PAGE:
While Congress has already called for alcohol-detection technology that could eventually be standard equipment in all new cars, European scientists are now proposing technology should also gauge an individual’s emotional state of mind before they take the wheel.
Such technology can already read facial expressions and identify which of the seven “universal” emotions a person is feeling: fear, anger, joy, sadness, disgust, surprise, or suspicion. This technology is being used for video game development, medicine, marketing, and, perhaps less obviously, in driver safety.
Researchers know that in addition to fatigue, the emotional state of the driver is a risk factor. Irritation, in particular, can make drivers more aggressive and less attentive.
Swiss researchers from Ecole polytechnique fédérale de Lausanne (EPFL) University in collaboration with PSA Peugeot Citroën, have developed an on-board emotion detector based on the analysis of facial expressions.
Tests carried out using a prototype indicate that the idea could have promising applications.
Although it is not easy to measure emotions within the confines of a car, especially non-invasively, researchers adapted a facial detection device using an infrared camera placed behind the steering wheel.
Nevertheless, the problem was to get the device to recognize irritation on the face of a driver.
Everyone expresses this state somewhat differently — a kick, an epithet, a nervous tic or an impassive face.
To simplify the task at this stage of the project, Hua Gao, Ph.D., and doctoral student Anil Yüce, who spearheaded the research, chose to track only two expressions: anger and disgust, whose manifestations are similar to those of anger.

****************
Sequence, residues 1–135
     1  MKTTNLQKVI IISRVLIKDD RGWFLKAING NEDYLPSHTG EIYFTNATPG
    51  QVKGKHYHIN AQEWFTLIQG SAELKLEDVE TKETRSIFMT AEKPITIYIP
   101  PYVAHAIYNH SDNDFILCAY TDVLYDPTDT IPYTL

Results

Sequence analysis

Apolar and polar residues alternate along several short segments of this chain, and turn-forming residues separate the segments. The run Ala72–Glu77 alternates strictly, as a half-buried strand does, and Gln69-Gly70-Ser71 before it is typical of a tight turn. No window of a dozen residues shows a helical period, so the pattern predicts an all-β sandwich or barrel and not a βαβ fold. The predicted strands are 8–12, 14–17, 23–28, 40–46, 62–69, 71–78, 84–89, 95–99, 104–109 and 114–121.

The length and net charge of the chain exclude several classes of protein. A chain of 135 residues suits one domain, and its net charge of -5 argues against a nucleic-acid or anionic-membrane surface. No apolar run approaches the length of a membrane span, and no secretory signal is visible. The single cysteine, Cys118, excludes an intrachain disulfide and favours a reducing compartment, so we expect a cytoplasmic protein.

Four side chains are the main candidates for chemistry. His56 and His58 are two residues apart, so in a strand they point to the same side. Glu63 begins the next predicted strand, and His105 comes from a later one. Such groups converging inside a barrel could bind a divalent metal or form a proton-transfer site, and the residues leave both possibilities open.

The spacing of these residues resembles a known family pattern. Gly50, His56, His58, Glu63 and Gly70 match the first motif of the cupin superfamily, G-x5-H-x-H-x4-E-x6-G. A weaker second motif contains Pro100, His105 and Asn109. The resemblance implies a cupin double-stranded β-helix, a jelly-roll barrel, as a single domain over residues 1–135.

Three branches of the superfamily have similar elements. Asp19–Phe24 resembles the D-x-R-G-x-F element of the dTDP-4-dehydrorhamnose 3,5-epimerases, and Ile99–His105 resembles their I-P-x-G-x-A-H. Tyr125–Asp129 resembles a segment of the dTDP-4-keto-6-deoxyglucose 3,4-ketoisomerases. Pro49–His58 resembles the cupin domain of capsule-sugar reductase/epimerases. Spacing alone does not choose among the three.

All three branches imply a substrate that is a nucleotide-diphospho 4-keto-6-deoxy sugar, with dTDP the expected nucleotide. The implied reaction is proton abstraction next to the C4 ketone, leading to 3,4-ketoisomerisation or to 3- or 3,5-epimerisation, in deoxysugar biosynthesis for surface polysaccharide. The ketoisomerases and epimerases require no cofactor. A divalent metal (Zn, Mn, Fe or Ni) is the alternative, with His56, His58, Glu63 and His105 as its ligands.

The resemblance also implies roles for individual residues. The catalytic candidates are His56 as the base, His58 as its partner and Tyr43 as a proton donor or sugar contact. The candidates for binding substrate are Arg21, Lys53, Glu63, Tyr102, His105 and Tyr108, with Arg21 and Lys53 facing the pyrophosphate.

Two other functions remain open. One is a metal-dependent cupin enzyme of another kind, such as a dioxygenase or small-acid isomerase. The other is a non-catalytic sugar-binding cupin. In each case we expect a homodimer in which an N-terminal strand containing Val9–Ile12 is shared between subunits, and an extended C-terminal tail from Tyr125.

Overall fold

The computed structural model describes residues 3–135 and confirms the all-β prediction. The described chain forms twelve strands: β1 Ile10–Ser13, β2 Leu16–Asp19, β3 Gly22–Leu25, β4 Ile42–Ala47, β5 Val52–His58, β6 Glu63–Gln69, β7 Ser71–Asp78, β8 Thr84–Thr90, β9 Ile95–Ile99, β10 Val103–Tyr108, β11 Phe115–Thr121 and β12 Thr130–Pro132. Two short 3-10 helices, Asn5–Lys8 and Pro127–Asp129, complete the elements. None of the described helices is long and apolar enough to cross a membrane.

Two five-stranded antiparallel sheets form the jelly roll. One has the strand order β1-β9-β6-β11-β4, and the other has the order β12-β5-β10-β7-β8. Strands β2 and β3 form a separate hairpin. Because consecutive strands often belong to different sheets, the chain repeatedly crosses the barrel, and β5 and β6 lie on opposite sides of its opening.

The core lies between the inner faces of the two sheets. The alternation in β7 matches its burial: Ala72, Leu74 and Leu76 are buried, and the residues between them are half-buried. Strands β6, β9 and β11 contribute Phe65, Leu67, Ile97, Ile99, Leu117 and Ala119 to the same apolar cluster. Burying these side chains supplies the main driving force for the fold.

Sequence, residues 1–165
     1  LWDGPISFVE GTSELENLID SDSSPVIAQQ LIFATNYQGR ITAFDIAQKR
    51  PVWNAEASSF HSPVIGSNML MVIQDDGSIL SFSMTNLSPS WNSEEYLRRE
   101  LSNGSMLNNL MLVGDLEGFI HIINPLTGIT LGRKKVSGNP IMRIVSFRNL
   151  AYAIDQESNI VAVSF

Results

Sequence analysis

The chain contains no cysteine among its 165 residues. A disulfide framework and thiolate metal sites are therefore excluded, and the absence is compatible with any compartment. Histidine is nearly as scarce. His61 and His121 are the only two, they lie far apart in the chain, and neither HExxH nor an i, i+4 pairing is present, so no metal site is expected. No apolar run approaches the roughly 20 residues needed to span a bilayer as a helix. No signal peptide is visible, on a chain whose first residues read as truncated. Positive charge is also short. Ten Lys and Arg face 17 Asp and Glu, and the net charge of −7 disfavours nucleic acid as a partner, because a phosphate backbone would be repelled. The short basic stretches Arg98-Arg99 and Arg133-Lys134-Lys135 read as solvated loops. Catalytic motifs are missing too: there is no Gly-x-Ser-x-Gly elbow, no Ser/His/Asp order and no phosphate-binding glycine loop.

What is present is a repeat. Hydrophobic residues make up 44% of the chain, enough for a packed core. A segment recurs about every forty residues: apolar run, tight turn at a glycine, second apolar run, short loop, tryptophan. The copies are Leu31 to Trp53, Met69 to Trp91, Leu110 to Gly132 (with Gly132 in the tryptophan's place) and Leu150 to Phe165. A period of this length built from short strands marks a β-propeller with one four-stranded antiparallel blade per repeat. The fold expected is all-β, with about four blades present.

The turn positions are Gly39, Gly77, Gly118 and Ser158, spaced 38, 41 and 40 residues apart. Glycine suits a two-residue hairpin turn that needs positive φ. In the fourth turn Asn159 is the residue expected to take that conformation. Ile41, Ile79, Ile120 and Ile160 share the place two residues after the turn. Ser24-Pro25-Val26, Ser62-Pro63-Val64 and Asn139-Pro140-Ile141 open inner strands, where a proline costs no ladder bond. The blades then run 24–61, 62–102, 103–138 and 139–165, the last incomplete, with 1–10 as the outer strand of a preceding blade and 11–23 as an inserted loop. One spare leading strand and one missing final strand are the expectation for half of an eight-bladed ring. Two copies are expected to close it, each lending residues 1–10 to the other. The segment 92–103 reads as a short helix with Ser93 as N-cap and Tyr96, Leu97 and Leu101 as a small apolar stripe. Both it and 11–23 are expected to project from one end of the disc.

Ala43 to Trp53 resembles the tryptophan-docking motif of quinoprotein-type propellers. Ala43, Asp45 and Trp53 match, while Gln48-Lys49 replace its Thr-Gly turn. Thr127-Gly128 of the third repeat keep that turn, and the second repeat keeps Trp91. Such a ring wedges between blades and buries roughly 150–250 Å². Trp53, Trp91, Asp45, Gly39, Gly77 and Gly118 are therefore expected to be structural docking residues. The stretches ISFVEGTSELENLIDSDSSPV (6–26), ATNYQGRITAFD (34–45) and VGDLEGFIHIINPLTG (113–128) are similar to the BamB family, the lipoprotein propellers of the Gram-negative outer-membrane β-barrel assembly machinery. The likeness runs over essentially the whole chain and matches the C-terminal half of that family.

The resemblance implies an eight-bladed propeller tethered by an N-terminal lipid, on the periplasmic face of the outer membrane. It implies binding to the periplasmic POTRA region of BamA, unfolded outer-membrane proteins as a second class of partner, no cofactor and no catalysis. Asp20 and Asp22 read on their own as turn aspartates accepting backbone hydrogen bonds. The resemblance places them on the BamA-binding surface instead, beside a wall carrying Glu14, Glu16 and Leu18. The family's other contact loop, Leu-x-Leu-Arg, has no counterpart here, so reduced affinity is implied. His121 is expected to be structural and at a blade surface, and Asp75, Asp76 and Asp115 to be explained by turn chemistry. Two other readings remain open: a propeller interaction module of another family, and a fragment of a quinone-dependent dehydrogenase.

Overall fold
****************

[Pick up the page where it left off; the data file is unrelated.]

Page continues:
Two phases of tests were carried out. First, the system “learned” to identify the two emotions using a series of photos of subjects expressing them. Then the same exercise was carried out using videos.
The images were taken both in an office setting as well as in real life situations, in a car that was made available for the project. The rapidity with which the comparison between filmed images and thus detection could be carried out depended on the analysis methods used.
Although still a prototype, the system worked well and irritation could be accurately detected in the majority of cases. When the test failed, it was usually because this state is very variable from individual to individual.
“This is where the difficulty will always lie, given the diversity of how we express anger. Additional research aims to explore updating the system in real-time — to complement the static database — a self-taught human-machine interface, or a more advanced facial monitoring algorithm,” said Hua Gao.
Detecting emotions is only one indicator for improving driver safety and comfort. In this project, it was coupled with a fatigue detector that measures the percentage of eyelid closure.
Researchers are also working on detecting other states on drivers’ faces such as distraction, and on lip reading for use in vocal recognition. These projects are coordinated by EPFL’s Transportation Center and carried out in collaboration with PSA Peugeot Citroën.